HR 609 would exempt merger and acquisition (M&A) advisors, intermediaries, and business brokers from federal registration as a “broker-dealer” when brokering the purchase or sale of privately-owned companies. This would make these professional services more widely and cost-effectively available to private business owners.

Under today’s “one-size-fits-all” regulatory regime, if sellers or buyers seek advice and assistance with a stock or equity purchase/sale or merger, rather than an asset sale, only an SEC-registered, FINRA member, “Wall Street-type” investment banker can legally broker the transaction.

HR 609 creates a federal ‘broker’ registration exemption only - all anti-fraud and other investor protections continue to apply. The bill adds protections not contained in the SEC’s no-action letter including size caps the SEC is authorized to amend. Importantly, “bad actors” are disqualified from relying upon this exemption and it does not allow transactions involving “public shell” companies.  The bill prohibits M&A brokers from raising capital, holding funds or securities, or financing transactions, so private equity and other investor groups cannot rely on it.

Significantly, NASAA (state securities regulators) adopted a “Model M&A Broker Rule” drawn from prior iterations of this bill to harmonize federal and state securities laws regulating M&A brokers. To date, Alaska, Colorado, Florida, Georgia, Illinois, Iowa, Maryland, Michigan, Mississippi, Missouri, Pennsylvania, South Carolina, South Dakota, Texas, Utah, and Vermont have all granted exemptive relief based on the NASAA model rule and/or the SEC M&A Broker no-action letter, and other states are actively considering similar action.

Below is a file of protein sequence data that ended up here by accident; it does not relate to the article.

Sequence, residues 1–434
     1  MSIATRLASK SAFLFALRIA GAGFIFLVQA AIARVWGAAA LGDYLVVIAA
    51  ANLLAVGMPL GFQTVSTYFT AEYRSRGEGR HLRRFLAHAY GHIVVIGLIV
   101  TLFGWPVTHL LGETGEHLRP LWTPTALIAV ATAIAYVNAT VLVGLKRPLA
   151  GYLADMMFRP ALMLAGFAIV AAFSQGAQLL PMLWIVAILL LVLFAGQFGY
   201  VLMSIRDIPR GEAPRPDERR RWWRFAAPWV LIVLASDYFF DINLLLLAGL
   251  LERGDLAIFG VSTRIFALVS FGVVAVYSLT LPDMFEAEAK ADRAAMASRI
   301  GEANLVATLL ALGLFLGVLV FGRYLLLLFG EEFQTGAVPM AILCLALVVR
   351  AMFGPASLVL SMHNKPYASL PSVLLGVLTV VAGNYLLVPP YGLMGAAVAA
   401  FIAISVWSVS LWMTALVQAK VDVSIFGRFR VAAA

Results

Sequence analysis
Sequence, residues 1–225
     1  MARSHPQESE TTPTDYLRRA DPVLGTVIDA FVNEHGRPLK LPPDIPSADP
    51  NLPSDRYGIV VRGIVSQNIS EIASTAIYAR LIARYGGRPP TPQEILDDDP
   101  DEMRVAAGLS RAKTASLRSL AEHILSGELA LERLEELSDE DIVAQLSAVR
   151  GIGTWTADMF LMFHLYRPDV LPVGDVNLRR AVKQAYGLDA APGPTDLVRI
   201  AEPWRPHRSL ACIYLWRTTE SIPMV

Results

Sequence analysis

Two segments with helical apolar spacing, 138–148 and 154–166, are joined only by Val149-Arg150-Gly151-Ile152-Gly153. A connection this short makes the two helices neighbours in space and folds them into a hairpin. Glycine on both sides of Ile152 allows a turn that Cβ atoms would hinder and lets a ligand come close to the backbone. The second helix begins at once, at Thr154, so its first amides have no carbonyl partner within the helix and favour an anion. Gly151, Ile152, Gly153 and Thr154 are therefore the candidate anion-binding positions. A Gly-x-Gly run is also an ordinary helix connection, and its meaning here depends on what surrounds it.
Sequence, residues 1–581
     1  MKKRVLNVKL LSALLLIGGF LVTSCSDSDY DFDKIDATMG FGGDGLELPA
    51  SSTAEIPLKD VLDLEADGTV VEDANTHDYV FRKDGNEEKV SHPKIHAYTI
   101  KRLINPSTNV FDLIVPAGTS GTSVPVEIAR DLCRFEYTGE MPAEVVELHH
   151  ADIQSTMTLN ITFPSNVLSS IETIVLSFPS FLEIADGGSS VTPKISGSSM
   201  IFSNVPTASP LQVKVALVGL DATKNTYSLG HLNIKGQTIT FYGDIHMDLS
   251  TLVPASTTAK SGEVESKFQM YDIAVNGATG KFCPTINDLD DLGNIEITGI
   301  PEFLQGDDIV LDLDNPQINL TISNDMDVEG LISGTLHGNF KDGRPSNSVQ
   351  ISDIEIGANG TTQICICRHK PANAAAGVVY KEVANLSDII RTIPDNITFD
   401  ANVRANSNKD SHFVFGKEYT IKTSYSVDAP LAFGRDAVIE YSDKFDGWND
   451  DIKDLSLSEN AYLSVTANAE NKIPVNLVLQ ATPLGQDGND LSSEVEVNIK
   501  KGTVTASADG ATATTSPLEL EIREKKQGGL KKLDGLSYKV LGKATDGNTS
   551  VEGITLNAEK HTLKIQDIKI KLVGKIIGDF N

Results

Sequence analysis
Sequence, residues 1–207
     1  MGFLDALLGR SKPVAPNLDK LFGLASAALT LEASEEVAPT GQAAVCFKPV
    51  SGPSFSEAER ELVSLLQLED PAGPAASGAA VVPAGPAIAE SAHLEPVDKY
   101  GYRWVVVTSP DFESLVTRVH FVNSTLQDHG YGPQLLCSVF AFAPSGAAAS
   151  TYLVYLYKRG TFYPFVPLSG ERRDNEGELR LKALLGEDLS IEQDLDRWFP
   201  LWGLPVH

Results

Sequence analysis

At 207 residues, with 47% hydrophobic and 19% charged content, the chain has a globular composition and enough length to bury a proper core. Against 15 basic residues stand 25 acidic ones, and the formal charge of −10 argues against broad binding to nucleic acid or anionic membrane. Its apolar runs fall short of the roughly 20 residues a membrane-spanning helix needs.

Let’s get it across the finish line this year!

Small business owners and M&A brokers deserve a clear statement of what federal law requires. HR 609 does just that.

HR 609 has become a litmus test to see if this Congress can pass a truly bipartisan, pro-small business bill.

When Maxine Waters, Jeb Hensarling, and the entire U.S. House of Representatives can agree that this is an excellent bill, then it’s time for the U.S. Senate to get it enacted this year!

John Zayac is President of the Atlanta, Georgia-based, 501(c)(6) Business Intermediary Education Foundation (BIEF), representing business brokers, intermediaries, and M&A advisors. www.biefoundation.org